Analysts last year predicted that Apple would launch a lower-priced iPhone to cater to more affluent consumers in developing smartphone markets, like China and India. For the most part, they were disappointed with the iPhone 5C, and criticized Apple for not cutting the price further and going after market share.
iPhone ownership skews toward older models in China, where subsidies play a smaller role and prices matter more than in the U.S. (Data: Kantar WorldPanel.)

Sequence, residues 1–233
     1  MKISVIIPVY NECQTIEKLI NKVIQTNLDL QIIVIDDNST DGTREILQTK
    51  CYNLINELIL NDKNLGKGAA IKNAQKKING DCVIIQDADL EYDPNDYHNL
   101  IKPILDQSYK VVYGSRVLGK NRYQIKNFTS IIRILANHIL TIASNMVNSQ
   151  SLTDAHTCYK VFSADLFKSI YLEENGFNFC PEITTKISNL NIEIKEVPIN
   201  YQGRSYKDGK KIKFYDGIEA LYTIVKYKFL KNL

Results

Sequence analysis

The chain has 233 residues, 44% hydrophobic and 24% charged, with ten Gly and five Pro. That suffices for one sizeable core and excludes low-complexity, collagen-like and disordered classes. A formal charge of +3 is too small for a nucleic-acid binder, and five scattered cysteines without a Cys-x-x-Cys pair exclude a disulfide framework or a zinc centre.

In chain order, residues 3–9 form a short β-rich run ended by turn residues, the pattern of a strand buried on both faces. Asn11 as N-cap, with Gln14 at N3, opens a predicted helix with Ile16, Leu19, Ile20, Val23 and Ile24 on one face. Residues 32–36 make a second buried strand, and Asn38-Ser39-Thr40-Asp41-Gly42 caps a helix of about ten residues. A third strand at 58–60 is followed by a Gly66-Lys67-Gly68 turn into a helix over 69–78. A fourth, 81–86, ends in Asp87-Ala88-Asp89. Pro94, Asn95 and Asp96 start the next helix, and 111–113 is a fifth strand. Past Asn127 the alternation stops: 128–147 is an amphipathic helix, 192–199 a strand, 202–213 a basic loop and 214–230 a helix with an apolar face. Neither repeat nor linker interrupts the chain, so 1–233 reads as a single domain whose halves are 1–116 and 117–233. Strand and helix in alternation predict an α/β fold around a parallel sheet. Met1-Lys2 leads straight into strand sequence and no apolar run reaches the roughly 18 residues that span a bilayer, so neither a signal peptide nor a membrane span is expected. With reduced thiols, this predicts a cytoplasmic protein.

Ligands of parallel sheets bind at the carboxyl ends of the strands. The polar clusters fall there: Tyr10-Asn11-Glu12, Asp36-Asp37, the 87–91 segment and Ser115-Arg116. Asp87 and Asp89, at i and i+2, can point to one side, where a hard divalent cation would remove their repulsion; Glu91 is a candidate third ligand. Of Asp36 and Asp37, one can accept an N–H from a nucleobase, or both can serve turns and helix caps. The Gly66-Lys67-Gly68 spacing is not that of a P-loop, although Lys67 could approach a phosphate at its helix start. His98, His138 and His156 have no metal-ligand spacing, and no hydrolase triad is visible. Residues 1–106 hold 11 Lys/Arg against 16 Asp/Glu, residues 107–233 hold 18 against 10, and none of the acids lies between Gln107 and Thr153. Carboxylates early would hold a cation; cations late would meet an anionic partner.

Milanesi beat that drum again, believing that Apple needs to do more in 2014 to entice Samsung's premium customers to switch to the iPhone. "Apple needs a price point [for a new model] closer to the iPhone 4S, which is still selling quite well in China. Will that happen? I don't know," she said.
On Apple's China online store, the 8GB iPhone 4S sells for 38% less than the lowest-priced 16GB iPhone 5S, and 20% less than the 8GB iPhone 5C.
"From an Apple perspective, you have to put price in the equation," Milanesi asserted.
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